When Bette Davis famously said, "Old age is not for sissies," the Hollywood icon knew what she was talking about.
After recent eye surgery, reading and typing has become too difficult for me to continue writing this column by myself. The inability to read effortlessly has been hard, but I won't allow what I hope is a temporary disability to force me into retirement. Next week I will begin writing this column with a co-author, sharing the byline with my son, Nick Hentoff.
As a young man in Boston, I learned early in life never to take reading for granted. I learned this lesson when I was introduced by a friend to his great-grandfather, who was born a slave in the antebellum South, where it was illegal to teach slaves to read. The ancient man, I was told, had spent his long life reading his way through whole libraries.
Small, startlingly thin and as straight as a steel ruler, the former slave sat staring at me until I wondered desperately what I was supposed to say. Then, with his tight bronze face still impassive, he said he knew I had studied Greek at Boston Latin School and asked my views on Homer, wondering what a great pleasure it must have been to read him in the original. Not having found it any sort of pleasure, because Greek had been taught like math at Boston Latin School, I mumbled my memory of exaltation.
Clearly disappointed by my half-hearted answer — and probably annoyed by my questions on early jazz (as if that was the only music he would know anything about) — the ancient man dismissed me with a flick of his hand, as a scholar dismisses a dilettante unworthy of his continued attention. As I've grown older, I like to think I came to understand what reading meant to the ancient man.
For more than 80 years, reading in print has been as natural for me as breathing, and as exciting as flying over a landscape of ideas. Someone reviewing one of the more than 30 books I have written described me as a "voracious reader." I wrote about the genesis of my life-long love of reading in my memoir, "Boston Boy":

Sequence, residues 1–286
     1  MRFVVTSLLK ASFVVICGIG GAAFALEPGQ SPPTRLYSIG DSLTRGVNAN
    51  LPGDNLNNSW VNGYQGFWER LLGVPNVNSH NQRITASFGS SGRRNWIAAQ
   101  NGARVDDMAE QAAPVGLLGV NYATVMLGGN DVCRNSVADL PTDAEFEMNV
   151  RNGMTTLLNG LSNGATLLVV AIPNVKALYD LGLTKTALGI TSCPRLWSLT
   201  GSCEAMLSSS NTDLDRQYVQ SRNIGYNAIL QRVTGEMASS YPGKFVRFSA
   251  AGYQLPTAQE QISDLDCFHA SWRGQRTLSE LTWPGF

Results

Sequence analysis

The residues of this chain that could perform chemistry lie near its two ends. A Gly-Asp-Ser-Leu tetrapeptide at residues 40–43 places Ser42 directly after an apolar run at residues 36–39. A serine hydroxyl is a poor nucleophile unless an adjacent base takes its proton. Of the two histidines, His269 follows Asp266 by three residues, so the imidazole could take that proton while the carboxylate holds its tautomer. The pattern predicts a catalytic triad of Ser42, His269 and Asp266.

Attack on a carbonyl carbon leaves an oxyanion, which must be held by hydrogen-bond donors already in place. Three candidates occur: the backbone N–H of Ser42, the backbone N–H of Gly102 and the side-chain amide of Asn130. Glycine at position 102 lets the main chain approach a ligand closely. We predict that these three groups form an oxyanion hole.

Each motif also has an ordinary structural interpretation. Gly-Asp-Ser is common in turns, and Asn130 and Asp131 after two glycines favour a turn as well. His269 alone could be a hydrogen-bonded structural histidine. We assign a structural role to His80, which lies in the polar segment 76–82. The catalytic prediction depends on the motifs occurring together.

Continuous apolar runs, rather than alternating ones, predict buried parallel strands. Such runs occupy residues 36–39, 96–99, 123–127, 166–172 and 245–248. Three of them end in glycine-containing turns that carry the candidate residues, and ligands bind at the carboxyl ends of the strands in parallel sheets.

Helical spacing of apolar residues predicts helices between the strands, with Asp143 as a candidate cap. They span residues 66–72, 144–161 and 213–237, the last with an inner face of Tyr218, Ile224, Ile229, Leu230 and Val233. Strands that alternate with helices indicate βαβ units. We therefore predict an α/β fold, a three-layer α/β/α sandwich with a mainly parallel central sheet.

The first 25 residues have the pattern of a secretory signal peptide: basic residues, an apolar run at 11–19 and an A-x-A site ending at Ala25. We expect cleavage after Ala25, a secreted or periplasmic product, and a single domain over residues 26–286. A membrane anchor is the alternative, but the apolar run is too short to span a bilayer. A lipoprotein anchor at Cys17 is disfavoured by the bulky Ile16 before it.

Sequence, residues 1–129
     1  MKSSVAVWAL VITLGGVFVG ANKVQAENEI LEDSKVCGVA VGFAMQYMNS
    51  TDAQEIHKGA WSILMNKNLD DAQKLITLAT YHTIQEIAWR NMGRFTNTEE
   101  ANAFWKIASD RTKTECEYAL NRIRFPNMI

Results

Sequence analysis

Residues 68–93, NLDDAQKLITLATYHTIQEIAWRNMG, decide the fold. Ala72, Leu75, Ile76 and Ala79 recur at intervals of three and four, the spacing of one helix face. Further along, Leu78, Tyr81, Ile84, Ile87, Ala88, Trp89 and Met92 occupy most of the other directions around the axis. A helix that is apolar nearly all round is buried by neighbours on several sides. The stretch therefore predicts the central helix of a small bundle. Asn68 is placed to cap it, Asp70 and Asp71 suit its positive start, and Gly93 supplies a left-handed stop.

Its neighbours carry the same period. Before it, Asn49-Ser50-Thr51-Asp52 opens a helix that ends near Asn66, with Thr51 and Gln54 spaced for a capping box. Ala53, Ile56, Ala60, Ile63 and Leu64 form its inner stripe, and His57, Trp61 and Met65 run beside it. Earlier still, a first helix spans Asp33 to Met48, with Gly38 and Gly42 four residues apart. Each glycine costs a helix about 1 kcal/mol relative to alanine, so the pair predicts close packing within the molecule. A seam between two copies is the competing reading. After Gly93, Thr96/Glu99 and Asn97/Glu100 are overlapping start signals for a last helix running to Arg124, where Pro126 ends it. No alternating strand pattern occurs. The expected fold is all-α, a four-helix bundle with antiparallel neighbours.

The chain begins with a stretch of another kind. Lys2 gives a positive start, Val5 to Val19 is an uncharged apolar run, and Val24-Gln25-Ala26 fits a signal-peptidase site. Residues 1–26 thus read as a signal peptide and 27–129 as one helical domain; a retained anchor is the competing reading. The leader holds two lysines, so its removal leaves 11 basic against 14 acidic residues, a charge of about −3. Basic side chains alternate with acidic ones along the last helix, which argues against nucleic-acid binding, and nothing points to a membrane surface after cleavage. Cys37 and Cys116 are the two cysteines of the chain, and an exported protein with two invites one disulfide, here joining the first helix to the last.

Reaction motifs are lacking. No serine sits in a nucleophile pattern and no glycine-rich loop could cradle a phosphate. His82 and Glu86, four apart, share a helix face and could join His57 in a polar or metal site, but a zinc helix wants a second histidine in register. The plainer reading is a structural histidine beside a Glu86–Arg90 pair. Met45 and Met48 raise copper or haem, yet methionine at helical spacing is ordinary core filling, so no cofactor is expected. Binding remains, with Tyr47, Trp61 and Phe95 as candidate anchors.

"I remember them now as ugly books. All had the same cheap brown binding — an institutional color, like the paint in waiting rooms for jurors. There were no illustrations, and the print seemed to get dimmer with each reading.
"But those were my books, bought at fifty cents a week — plus a coupon from the Hearst daily, the Boston American — out of my afterschool and weekend earnings. They were the classics! The Autobiography of Benjamin Franklin, The Last of the Mohicans, Ivanhoe, Tom Sawyer, and other hallmarks of a sophisticated library.
"I was addicted to books. Both the reading of them and the physical possession of them ... Soon the books burst out of my bedroom and took over nearly all the wall space in the front hall of our apartment as well as the living room."
As an author and columnist, I've led a life in which not a moment that could be occupied by writing or reading was wasted. I surrounded myself with the tools of my trade. I subscribed to numerous newspapers, every important magazine of ideas, and several medical journals and law reviews. Decades before pedestrians wandered the streets reading their smartphones, I could be found slowly navigating the streets of Greenwich Village with my eyes glued to the newspaper in my hand.
If I wanted a new book that wasn't yet available for sale, it took only a telephone call to the publisher and it arrived a few days later. I no longer had to rely on newspaper coupons to purchase my books. Every week the mail would bring free review copies of books on jazz, politics, science and history.
In recent years, my wife brags about the vast library she carries effortlessly on her Kindle, but I cherish physical books I can hold — that I delight in writing in, arguing with the authors and rereading as I learn more about the subjects elsewhere.
I'd dig daily into newspapers and magazines until my fingers and clothing were stained with newsprint and ink. A prospector with pen and pocket knife, I'd underline surprises that challenged me, scribble furious notes to myself and then, like a ritual sacrifice, rend articles from the body of the paper to occupy one of the countless research files that filled my office from floor to ceiling.
I don't dig skimming through life.
The process will now be different, but the work of this column will continue.